The Intergovernmental Panel on Climate Change (IPCC) issued a frightening, yet unsurprising, report on Monday declaring the profound effects that climate change is having on our planet. Ice caps are melting at dramatic rates, extreme weather is increasingly frequent (from mega-storms to the “polar vortex”), and the loss of biodiversity is rampant. These consequences will touch every corner of the globe, but, alas, will most heavily impact the world’s poorest regions, exacerbating their unrelenting poverty trap. The sobering account also made it clear that if we remain on our current course, we are destined for far worse.

Climate change may be the greatest challenge our generation faces, yet our own government appears largely disengaged from the global problem solving that this issue requires. The oil and gas industry and a small cast of wealthy individuals—including the Koch Brothers and Rupert Murdoch—hold a powerful grip on our politicians through billions of dollars of combined lobbying and campaign contributions. These powerful interests are responsible for the contrived pseudo-debate about the “science” of climate change, and for successfully keeping action to address climate change off of the policy agenda.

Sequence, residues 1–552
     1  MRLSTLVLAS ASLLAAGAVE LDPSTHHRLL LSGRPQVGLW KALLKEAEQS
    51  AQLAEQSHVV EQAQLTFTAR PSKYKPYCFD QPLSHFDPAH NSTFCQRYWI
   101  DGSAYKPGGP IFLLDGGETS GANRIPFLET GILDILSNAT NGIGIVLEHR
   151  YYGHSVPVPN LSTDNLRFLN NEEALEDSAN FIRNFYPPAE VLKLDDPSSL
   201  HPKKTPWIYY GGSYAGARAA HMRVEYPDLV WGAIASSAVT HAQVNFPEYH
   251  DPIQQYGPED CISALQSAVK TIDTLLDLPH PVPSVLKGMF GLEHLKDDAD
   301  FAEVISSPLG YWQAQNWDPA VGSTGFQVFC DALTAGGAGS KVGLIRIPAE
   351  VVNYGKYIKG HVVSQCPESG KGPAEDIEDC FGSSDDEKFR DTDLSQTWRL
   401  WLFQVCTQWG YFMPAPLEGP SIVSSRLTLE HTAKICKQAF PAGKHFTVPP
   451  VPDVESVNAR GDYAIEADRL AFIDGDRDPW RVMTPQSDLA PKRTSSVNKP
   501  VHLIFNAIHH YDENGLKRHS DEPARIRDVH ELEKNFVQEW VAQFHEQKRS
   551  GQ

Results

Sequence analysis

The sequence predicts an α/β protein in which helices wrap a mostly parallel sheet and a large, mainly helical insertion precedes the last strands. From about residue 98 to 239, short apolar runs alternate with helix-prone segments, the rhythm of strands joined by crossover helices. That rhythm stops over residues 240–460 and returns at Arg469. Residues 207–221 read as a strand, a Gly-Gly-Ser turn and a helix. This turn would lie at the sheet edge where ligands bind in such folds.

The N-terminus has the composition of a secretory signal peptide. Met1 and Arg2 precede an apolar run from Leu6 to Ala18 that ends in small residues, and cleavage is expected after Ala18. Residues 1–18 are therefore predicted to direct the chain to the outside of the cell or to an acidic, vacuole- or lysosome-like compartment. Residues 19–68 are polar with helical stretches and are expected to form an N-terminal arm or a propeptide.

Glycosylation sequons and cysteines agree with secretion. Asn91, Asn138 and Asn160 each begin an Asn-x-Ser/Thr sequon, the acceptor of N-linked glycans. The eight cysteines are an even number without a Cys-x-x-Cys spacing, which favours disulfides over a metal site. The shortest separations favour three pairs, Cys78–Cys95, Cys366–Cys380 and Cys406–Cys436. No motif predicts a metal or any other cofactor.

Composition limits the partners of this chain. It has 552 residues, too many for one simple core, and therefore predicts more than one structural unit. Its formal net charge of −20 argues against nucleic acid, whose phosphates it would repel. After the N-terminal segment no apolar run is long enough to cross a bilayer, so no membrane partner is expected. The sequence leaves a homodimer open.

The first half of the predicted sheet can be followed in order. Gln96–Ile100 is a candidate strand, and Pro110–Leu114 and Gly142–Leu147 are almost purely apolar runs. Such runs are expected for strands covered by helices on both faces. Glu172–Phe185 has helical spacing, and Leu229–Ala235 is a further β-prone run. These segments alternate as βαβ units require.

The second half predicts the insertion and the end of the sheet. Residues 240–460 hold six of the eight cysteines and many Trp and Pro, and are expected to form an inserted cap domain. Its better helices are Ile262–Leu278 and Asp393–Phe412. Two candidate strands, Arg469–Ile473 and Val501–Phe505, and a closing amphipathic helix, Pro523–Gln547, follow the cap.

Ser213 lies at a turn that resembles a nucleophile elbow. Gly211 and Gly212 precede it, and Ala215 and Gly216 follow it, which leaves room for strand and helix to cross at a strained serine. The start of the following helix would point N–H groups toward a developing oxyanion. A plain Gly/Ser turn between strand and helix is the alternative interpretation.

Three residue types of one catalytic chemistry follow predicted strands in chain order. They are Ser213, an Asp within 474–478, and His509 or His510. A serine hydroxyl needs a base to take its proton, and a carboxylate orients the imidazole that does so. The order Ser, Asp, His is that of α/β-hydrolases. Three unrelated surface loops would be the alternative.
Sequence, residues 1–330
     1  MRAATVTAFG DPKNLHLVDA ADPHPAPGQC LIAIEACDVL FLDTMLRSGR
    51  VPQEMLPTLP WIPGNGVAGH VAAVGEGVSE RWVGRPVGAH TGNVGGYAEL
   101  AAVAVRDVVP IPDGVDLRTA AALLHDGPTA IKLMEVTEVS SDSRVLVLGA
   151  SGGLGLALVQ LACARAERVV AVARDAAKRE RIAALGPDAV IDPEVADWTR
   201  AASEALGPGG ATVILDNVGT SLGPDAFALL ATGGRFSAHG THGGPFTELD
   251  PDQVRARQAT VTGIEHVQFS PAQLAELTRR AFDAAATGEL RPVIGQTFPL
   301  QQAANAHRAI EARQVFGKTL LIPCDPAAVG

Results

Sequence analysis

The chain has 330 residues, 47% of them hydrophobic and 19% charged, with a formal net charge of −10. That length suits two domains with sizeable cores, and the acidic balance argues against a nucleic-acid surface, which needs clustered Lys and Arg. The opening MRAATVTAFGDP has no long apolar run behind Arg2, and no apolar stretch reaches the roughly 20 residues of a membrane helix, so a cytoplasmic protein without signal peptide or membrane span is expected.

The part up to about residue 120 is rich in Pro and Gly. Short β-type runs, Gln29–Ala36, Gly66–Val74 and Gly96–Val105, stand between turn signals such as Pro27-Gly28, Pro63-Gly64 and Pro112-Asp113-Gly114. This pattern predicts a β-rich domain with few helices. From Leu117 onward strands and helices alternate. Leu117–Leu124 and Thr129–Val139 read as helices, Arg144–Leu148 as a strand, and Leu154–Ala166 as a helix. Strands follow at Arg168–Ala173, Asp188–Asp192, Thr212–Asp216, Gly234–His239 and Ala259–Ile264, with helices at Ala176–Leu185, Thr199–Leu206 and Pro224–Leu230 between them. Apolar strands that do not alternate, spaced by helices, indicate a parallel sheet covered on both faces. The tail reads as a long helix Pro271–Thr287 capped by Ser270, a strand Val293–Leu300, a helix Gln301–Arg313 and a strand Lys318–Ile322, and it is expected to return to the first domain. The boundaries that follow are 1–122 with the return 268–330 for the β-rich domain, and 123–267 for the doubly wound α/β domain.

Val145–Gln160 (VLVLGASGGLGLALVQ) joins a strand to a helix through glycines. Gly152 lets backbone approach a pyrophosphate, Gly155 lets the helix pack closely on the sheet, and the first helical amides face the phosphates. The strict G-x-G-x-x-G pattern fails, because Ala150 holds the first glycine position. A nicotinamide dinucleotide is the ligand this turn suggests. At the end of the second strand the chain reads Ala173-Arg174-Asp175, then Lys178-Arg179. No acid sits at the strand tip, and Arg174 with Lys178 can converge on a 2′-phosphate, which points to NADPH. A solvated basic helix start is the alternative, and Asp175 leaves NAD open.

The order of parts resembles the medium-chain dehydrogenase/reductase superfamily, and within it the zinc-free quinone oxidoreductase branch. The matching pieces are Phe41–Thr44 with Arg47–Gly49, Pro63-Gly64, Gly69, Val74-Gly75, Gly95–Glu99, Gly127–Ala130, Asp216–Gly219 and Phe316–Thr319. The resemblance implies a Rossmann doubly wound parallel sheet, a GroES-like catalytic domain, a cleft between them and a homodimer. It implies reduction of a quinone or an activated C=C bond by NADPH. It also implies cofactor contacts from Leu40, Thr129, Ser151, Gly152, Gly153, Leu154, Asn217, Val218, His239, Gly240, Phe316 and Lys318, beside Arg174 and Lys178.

We must, however, also fault our political representatives for not standing up to these powerful interests, even as we continue to witness catastrophe after catastrophe. Aside from fragmented pieces of executive action, President Obama’s administration has yet to put forward to the American people a single comprehensive and long-term energy strategy. The president needs to take action, assume leadership, and illuminate a powerful vision of how we can practically transition to a low-carbon economy in conjunction with other global leaders, including China and India. Thankfully, in recent weeks Secretary of State John Kerry has shown a deeper commitment to addressing climate change; hopefully this marks a reawakening of leadership in preparation for the next big international agreement, tentatively set to be signed in December of 2015. Unfortunately we do not have a single moment to waste.

Published by Hannah Sachs

Hannah Sachs is a writer for The Politic from New York, NY. Contact her at hannah.sachs@yale.edu.

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